God bless you, Lee, but your question is populist bullshit. If my daughter wants to be CEO of one of the top 100 corporations, she needs to be smart, energetic, get a famous MBA from Harvard or Yale, get into Skull and Bones, and work very hard. The formula is pretty simple, Lee. You went to Princeton. You can read Forbes. Let’s consider the investment and the return. $200,000 ought to buy all that if she’s a smart young woman. And you know better than I what a CEO’s salary is.
But imagine if she wants to be a US Senator. She needs to do all the above, maybe swap the MBA for a law degree, and then if she’s really bright, she’ll still need to raise $10 million to launch her campaign. Ten million dollars, Lee. And you wonder what happened to democracy? If my daughter is not very bright, but still gets into Yale and Skull and Bones, say, on the legacy plan, she can’t be a CEO and probably not a US Senator. But, hell, Lee, if she can get a bit over a hundred million dollars together, she can be President of the United States. And, at least in the year 2000, she might have had your support. Now, we both know that it’s hard to put that sort of money together. But with your help, George W did it in 2000. Maybe you just made “some bad choices,” as the child-rearing knuckleheads say these days.
But let’s get back to my daughter. If she wants to be a US Senator, how can we help her? If the US housing market recovers and I get back the equity I lost in our house--my only real savings--I can pitch in $100,000. But she’ll still need $9,900,000. And some say the housing market won’t snap back. I guess she could ask a million of her friends for $10 each, but I’ve not seen that many friends around the house. So like all the other candidates, she’ll just have to look for corporate donations. And you CEO’s are really generous and democratic in a pure sense, contributing to both the Democrats and the Republicans. You claim that there are no leaders, yet your companies finance their campaigns. Maybe you’re not really looking for leadership exactly, eh? Remember when you got the Congress to guarantee bailout loans to Chrysler in 1979? That was pretty democratic. Do you think all those expensive campaign contributions helped pass that legislation? Where have all the leaders gone? Indeed. You got your salary that year, guaranteed by the United States Congress.
While the US economy has been taking the worst dive in our lifetimes--as you cleverly point out in the excerpts I’ve read--the economy of Exxon Mobil sets new profit records every quarter and is now the most profitable corporation in the history of the world. In the eight years of the Bush presidency, Exxon sales have increased from $163 to more than $404 billion dollars-- and Exxon is now the 18th largest economy in the world, better than the GDPs of nearly 170 of the world’s nations. Lee, do you think that Exxon’s CEO might be one of the leaders you find missing?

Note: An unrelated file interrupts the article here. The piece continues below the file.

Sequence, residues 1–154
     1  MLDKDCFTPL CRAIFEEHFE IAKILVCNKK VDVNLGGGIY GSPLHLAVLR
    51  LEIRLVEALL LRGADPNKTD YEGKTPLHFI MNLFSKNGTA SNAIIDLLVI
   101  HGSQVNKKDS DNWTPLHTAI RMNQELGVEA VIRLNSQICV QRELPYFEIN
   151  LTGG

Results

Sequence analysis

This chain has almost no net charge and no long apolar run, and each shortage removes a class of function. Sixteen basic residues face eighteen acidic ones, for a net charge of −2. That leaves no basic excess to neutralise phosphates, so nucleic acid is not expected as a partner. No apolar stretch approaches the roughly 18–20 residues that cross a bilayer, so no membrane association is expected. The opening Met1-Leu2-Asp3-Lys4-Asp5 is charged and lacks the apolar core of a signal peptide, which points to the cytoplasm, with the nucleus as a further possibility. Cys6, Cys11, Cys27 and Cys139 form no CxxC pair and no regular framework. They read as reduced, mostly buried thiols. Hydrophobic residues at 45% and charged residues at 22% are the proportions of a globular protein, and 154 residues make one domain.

In the year 2000, Exxon was the only oil company on the list of the world’s 30 largest economies, but now there are many more. Did those mediocre government leaders help that happen? Is that why you help their campaigns? You studied politics, Lee. Do you remember how much PAC money Abe Lincoln raised?
There are clearly smart leaders in the world, Lee. But they are running oil companies and other multinationals. Let’s look at some annual sales numbers:
Exxon 404 billion
Royal Dutch/ Shell 376 billion
WalMart 375 billion
British Petroleum 281 billion
Chevron 204 billion
Toyota 204 billion
Conoco 172 billion
If these enormous corporate economies are thriving, breaking profit records every quarter, what happened to the nations headed up by the mediocre leaders you finance and then lament? the Bushes whose candidacies you have supported? Follow the money, as they used to say. The US goes broke while the companies that funded the political campaigns are awash in money. You graduated from Princeton. Can you see any cause/effect here? You want to know what happened in New Orleans? Follow the money. Check Halliburton’s profits. Buy a t-shirt that says, “Make levees not war.”
I think my daughter should apply to work at Exxon, don’t you? She could start an NGO, maybe Nations without Borders.
I like this quote of yours, though:
"I have news for the gang in Congress. We didn't elect you to sit on your asses and do nothing and remain silent while our democracy is being hijacked and our greatness is being replaced with mediocrity. What is everybody so afraid of? That some bonehead on Fox News will call them a name? Give me a break. Why don't you guys show some spine for a change?"
Pretty cool words, Lee, chatty and tough at the same time. But the paragraph needs a little correction. Democracy was hijacked all right, and a long time ago. But if you can figure out how my daughter could run for political office without having to sell her integrity to make your companies even richer, maybe we could get it back. Till then, we’re stuck with the boneheads on the corporate payroll at Fox News, in the Congress and in the White House.